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July 25, 2011 | by  | in Opinion |
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Healthy Minds On Campus – “Love is not a victory march; it’s a cold and it’s a broken hallelujah”

Literature, songs and counselling rooms are littered with the satisfied and dissatisfied murmurings of the stories of intimate relationships from those amongst us with a story to tell. And, in the end, we all have a story to tell!

Shakespeare wrote about love being difficult in that “the course of true love never did run smooth” and as being full of desire, suggesting to us to “speak low if you speak love”. Leonard Cohen, always the narrative lover, sang that love is an ever-nebulous thing that just occurs: “… I didn’t fall in love of course, it’s never up to you, but she was walking back and forth, and I was passing through”. That isn’t always so; when Cohen was ruminating upon his “…reputation as a ladies’ man, [that] was a joke that caused [him] to laugh bitterly through the ten thousand nights [he] spent alone”.

What seems to be clear about love is that satisfying intimate relationships are felt by many to be important in engaging us in a meaningful way to our social world, maybe even contributing to happiness. Without this engagement we can feel, isolated, lonely, longing and jealousy. It appears most of us want some form of relationship and over the years it has become noticeable to me that satisfying relationships can be done in many ways. But how to find love nirvana seems to be a very consistent question when we don’t have it—and how do we make it stay when we do?

In his book “Love & Awakening” (1996), John Welwood suggests that we need to start with connecting more deeply with ourselves so that we can connect with our partner(s). To achieve this task, he suggests we start out by addressing the question that inevitably arises in every relationship: “What am I doing here [in this relationship]? Is this really worth the struggle?” To me, it seems that Welwood is suggesting that relationships are hard work! But none of us want our relationships to be hard work, do we? And if we do, what is the work to do? These musings can be responded to in many ways, with two of the most prominent responses being: “don’t worry about it, I don’t need love anyway”, which seems to be a lot about don’t and so usually doesn’t feel right (as, inevitably, we keep worrying about it). Another response might be “what could I try…?” which feels nice and supportive and, if we find a ‘way of doing’ that feels right, it genuinely helps.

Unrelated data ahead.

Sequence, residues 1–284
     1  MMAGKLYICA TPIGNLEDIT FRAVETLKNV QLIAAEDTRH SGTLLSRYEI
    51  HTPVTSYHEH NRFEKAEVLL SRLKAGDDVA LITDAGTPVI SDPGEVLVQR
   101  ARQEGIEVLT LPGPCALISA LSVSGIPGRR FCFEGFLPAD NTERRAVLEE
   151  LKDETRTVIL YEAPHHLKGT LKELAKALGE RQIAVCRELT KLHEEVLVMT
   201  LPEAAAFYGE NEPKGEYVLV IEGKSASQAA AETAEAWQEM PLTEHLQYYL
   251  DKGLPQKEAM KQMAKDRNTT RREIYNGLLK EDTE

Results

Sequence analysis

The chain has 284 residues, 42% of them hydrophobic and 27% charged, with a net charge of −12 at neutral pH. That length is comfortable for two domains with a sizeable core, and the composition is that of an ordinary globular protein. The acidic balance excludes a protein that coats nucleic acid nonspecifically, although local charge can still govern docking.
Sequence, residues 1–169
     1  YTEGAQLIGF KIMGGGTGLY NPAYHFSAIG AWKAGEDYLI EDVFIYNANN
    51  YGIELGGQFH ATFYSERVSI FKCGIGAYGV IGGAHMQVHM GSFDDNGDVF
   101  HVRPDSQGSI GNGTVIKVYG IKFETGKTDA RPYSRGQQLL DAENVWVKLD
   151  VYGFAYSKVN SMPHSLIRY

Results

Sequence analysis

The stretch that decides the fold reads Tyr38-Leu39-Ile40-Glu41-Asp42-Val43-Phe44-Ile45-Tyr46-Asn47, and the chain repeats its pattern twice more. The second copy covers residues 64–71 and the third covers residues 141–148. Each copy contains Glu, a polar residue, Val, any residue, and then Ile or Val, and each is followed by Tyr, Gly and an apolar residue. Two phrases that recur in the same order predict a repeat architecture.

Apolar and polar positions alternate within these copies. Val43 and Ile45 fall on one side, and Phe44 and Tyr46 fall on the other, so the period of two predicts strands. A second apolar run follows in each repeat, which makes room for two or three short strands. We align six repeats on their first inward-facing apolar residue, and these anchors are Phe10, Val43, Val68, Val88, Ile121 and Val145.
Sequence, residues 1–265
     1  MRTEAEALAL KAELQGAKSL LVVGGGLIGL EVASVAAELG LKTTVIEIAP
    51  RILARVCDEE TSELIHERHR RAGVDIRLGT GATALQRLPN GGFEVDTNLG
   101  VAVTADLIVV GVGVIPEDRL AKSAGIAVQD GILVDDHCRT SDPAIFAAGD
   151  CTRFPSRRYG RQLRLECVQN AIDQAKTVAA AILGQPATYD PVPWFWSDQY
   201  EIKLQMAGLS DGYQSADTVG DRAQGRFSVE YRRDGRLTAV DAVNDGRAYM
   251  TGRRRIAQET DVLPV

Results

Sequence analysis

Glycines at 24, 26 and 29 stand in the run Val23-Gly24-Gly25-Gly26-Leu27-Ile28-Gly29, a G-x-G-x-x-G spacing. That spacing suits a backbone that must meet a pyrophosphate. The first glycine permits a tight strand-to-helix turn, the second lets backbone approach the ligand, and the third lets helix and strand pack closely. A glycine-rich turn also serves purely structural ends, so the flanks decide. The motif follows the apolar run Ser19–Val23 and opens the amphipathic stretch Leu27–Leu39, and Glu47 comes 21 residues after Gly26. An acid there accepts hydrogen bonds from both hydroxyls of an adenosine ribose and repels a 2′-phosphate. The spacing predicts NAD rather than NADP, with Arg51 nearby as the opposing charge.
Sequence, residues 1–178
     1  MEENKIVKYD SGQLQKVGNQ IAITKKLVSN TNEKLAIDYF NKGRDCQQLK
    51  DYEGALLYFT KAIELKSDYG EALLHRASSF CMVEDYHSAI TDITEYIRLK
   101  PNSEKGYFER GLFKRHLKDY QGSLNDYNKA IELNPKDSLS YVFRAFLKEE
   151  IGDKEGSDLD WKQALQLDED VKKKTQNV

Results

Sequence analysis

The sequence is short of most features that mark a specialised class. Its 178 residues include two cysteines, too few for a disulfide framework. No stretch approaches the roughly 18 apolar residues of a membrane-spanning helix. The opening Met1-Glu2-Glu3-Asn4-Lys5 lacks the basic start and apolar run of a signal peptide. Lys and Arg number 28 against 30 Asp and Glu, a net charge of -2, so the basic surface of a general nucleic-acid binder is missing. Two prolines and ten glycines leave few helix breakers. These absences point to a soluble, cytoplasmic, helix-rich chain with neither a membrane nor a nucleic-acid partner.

So, what to try?
• Make a decision to work out how ‘you’ will do relationships: what are your needs?
• Build a capacity to trust by investing something of yourself in all your relationships (even with your parents and lecturers!)
• Meet with people, any people, and be interested by paying attention to them
• Communicate congruently (i.e. be real)
• Touch base with counselling to develop your capacity to relate

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  1. Kailey says:

    This is the perfect way to break down this inofmraiton.

  2. click here says:

    Is it okay to put a portion of this in my personal blog if I post a reference to this site?

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